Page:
Engineer develops technology to upgrade lab
Brian Cook, Tennessee Technological University graduate, demonstrates his senior design project that gives the U.S. Army Research, Development and Engineering Command's aviation and missile center a mechanized way to apply liners to rocket motor cases.

REDSTONE ARSENAL, Ala. (May 9, 2013) -- A design project planned and executed by Tennessee Technological University students has given the U.S. Army Research, Development and Engineering Command's aviation and missile center increased capabilities to accomplish its mission.

While a co-op student with the Aviation and Missile Research, Development and Engineering Center in 2010, and looking for a project to design and build, Brian Cook found inspiration from a suggestion from Weapons Development and Integration Directorate technician Darrell Simonds. Cook, and his team of six Tennessee Tech students, set out to develop a machine that would upgrade the process for applying motor case liners.

Cook's invention uses pressure to force the liner substance through a series of tubes and into a spinning head. A DC motor spins the head at up to 10,000 RPMs -- slinging the liner in an even coating on the inside of the motor case.

"We have this automated arm that moves in and out, so we can control how much liner we have coming through and control the speed," Cook said. "In return, we get equal lining throughout."

The carbon black liner is applied inside motor cases to bond with the propellant, and an even coating is important for the motor to perform well.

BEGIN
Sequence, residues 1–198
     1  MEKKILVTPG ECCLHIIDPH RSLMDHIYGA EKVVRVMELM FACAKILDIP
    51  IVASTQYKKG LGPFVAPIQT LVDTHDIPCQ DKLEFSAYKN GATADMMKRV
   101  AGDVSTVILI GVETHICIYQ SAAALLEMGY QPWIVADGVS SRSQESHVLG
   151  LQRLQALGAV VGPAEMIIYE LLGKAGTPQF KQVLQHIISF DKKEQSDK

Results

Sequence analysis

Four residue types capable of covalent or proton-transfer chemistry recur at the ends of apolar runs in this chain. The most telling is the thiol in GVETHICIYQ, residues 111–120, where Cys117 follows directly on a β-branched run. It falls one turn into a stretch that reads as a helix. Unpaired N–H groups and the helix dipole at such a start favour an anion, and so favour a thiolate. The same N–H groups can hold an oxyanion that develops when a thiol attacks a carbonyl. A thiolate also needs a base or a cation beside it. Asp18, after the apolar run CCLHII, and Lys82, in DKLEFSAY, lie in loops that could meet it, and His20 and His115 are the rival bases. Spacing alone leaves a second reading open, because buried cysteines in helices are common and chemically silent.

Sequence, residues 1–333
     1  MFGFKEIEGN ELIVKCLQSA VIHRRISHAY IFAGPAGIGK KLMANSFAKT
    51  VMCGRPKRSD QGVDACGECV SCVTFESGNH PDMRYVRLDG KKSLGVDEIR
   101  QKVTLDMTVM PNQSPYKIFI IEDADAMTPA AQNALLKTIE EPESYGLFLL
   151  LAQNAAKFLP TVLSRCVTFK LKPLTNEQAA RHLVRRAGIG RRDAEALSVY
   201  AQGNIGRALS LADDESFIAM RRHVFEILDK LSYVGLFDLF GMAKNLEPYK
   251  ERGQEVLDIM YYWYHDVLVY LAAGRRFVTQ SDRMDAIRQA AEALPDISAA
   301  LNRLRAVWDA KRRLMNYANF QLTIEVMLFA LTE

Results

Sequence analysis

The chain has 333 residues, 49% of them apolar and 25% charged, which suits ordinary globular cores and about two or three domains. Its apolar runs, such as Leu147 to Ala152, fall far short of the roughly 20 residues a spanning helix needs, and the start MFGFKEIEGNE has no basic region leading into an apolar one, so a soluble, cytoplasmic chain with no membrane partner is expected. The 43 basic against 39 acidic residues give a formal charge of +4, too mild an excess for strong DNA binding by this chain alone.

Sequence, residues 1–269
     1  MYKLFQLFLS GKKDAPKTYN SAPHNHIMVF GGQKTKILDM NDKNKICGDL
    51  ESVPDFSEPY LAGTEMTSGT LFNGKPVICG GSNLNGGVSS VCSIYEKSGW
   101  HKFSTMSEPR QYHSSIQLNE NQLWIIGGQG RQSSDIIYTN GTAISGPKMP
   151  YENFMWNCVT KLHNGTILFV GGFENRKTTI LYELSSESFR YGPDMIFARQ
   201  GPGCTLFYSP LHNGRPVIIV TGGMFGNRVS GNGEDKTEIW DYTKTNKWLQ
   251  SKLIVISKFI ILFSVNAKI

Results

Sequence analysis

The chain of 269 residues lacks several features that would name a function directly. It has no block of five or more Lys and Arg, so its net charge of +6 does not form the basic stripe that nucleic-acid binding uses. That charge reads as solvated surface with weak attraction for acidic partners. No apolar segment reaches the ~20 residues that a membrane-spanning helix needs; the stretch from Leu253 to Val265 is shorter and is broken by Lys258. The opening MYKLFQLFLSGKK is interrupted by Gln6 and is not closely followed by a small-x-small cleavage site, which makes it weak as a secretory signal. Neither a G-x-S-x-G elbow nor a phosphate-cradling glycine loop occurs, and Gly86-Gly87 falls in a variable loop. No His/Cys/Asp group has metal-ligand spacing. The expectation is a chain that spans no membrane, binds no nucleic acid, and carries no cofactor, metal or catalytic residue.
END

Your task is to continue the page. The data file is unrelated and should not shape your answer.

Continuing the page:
Before Cook's team completed its project, engineers appplied rocket motor case liners by hand.

Michael Morrison, chief of the energetic materials function, said the device gives the team consistency in liner thickness, which brings greater reproducibility when doing the many motor demonstrations the lab is called upon to do.

When you hand paint it, Morrison said, you end up with thick areas and thin areas that potentially affect the bond between the liner and the propellant which is cast inside the case. The liner serves as a bond between the propellant and the case.

"If you get an unbond -- depending on where the unbond is and when it happens -- it can be a not very successful day for a motor test," Morrison said.

The sling liner process improves reproducibility reliability significantly, he said.

Simonds' experience with similar lining systems and other personal support was instrumental in the team's success, according to Cook.

Cook moved from being a co-op student into the Army Pathways Internship program in 2012. He completed his bachelor's in mechanical engineering and is working on a master's in aerospace engineering.

AMRDEC is part of the U.S. Army Research, Development and Engineering Command, which has the mission to develop technology and engineering solutions for America's Soldiers.

Page last updated Mon May 6th, 2013 at 00:00